I SOOOO appreciate all this info.  The self-directed Roth IRA holds some land (real estate) assests. In the past, every November/December, I put in enough cash to pay the land taxes and the ETC maintenance fees; about $300-$400.  I did that in Nov 2019 and paid the taxes and maintenance fees (beginning of 2020) and had $77 cash left in the ETC account when the 'error' was noted.  I needed to get $400 back out to correct the issue.  That's when I was advised about the conversion, etc., etc., etc.  I put in an additional $1500 so I wouldn't run into this again over the next few years and that's how I got to where I am: $77 already in the account + $1500 added to the Roth from a TIRA.  Are there any small steps I can take to correct any part of this to reduce either the taxable event(s) or what might result in IRS penalties?  Stupid question, but can anything be reversed?  Thanks again!

Any amount you deposit into the Roth is limited to your regular contribution limit, but with no earned income that limit is 0. Don't know about prior years, but for 2019 you have made an excess Roth contribution of $400. The conversion makes more sense with this added info and is not a problem, as it adds cash to your Roth balance and provides from which to fund the return of your excess Roth contribution. So now you should be able to ask the Roth custodian to return your excess Roth contribution adjusted for gain or loss. I'll guess that ETC is Equity Trust Co. They should use the IRS formula to determine the gain or loss and to utilize the formula they must use the market value for the real estate. They will then distribute the gain/loss adjusted amount to you and code the 1099R for 2020 which you will receive next January to show the amount of gain (if any) in Box 2a, which will be taxable in 2019. Box 7 must be coded "P J"to show a return of your 2019 excess Roth contribution. The amount in 2a (which you will know in advance by the amount of the check they send you and 2a would be the amount that exceeds the 400. So if you get back 450, there will be 50 to report as taxable income on your 2019 return because that is the year in which you made the excess contribution. The 50 would also be subject to 10% penalty if you are under 59.5 (the J part of the Box 7 code).  If you get back less than 400 because of a loss, then there will be no income to report. This isn't as bad as I thought it might be, more of a hassle to report (including the conversion) than anything else. What is the status of your 2019 return?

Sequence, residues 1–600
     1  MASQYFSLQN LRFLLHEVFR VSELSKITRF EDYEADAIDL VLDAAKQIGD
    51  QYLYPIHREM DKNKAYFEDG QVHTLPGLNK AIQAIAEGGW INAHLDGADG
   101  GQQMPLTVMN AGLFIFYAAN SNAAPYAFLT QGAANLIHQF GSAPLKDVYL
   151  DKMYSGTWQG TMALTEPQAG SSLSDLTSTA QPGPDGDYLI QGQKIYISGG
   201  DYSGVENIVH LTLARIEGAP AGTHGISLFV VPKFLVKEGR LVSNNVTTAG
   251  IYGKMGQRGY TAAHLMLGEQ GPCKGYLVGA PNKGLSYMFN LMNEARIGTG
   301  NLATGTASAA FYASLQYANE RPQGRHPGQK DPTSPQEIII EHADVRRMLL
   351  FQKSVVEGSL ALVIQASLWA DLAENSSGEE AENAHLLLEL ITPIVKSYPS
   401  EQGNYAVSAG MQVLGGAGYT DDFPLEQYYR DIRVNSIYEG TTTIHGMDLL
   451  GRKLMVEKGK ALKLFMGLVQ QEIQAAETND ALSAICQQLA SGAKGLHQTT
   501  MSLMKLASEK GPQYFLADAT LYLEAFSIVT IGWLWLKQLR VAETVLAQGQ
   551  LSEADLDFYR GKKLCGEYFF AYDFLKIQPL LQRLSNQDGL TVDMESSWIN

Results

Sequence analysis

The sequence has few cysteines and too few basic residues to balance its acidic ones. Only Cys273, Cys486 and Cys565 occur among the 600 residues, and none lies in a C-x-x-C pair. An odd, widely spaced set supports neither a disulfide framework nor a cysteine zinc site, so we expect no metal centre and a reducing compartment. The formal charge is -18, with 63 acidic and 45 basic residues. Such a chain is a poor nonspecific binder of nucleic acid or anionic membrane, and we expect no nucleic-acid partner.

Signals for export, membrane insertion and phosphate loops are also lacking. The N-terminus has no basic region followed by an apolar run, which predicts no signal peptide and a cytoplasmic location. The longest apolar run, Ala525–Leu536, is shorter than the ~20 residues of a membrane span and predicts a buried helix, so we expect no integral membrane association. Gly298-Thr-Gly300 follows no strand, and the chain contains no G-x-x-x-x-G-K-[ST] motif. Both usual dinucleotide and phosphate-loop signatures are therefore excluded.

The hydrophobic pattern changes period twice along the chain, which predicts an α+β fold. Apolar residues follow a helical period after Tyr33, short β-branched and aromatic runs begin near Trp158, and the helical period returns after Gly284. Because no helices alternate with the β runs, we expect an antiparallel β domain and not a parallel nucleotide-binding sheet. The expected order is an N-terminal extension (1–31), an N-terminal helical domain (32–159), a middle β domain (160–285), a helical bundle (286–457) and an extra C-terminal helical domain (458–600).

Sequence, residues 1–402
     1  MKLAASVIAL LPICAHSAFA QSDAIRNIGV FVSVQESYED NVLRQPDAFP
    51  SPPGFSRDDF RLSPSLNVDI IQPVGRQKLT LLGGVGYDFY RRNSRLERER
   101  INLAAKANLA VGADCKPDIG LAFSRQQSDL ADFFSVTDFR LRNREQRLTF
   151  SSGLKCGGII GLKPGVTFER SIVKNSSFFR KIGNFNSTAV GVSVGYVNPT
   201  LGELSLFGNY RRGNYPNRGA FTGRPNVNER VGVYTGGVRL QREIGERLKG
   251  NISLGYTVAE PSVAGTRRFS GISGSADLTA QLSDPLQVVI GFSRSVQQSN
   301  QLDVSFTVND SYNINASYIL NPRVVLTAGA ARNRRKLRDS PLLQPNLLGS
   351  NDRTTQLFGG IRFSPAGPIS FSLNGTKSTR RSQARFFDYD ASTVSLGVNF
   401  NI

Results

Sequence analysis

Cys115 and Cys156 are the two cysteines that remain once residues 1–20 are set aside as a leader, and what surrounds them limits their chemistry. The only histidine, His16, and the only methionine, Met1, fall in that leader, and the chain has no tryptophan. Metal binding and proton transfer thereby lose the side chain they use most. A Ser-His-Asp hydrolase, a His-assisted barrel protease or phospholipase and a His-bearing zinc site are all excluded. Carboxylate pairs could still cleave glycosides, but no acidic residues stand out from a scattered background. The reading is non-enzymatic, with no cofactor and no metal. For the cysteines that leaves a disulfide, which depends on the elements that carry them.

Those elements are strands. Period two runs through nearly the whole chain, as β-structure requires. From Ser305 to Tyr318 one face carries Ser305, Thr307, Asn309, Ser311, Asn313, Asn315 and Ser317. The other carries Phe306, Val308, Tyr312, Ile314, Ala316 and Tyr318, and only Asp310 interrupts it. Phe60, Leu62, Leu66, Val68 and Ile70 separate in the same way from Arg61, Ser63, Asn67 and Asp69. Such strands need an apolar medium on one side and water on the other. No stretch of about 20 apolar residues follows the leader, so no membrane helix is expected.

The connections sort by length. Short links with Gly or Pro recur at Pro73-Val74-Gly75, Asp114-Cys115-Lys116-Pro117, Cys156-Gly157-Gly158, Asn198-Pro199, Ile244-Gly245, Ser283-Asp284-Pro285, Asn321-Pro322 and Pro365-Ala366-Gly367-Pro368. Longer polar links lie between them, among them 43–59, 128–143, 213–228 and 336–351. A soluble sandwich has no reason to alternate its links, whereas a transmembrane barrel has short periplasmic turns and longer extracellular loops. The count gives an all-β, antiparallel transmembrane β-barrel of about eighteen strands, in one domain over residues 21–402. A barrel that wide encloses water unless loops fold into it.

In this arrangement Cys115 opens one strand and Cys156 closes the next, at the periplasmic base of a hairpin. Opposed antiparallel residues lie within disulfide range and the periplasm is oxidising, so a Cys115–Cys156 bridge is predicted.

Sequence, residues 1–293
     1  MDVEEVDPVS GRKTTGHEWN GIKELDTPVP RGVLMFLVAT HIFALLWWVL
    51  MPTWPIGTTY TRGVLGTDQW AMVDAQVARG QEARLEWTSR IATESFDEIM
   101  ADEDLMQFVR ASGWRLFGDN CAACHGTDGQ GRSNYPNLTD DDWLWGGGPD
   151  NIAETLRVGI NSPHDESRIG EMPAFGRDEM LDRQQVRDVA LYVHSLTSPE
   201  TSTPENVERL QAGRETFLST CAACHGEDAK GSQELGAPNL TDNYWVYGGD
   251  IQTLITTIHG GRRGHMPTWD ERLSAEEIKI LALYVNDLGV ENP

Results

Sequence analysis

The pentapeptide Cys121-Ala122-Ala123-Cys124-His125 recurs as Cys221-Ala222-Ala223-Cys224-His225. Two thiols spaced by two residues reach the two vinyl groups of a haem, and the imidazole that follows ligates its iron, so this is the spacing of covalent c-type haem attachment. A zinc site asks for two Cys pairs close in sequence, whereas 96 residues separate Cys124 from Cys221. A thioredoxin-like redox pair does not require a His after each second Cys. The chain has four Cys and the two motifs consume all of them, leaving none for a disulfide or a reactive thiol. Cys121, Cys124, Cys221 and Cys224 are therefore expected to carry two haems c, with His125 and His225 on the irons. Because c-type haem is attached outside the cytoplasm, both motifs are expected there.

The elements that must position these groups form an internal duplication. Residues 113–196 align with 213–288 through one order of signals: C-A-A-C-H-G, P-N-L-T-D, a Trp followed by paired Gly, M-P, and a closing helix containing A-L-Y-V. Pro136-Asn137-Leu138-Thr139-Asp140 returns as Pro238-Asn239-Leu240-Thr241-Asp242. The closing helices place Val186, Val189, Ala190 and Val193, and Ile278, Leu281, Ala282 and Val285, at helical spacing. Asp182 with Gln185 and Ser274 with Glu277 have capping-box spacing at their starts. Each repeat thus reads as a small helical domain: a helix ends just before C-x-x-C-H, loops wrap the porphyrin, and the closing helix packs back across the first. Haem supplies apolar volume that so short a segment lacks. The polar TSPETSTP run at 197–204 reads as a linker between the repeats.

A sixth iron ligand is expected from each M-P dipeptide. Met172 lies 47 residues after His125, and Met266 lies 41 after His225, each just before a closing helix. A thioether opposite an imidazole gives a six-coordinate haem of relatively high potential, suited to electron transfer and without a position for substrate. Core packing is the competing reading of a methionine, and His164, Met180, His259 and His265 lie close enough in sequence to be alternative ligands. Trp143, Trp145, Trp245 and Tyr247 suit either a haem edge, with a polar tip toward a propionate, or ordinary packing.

2019 taxes still with CPA waiting to be filed by July 15.  Trying to figure out this mess first.  Otherwise, ready to go. This was the first time This happened; was earning income through 2018.

You should request that the excess Roth distribution be returned to you ASAP. Then you can explain to the CPA that you removed the excess and tell her the amount of gains included, if any. The return should include an explanatory statement indicating the amount of your 2019 excess Roth contribution, and the date and amount that was returned to you. All this should cost is the tax and 10% penalty on any earnings.  The conversion will of course be reported on your 2020 return, but the 2020 return will not need to report anything regarding the return of the excess, which is entirely reported on the 2019 return. 

DONE!  And thank you sooooo much!!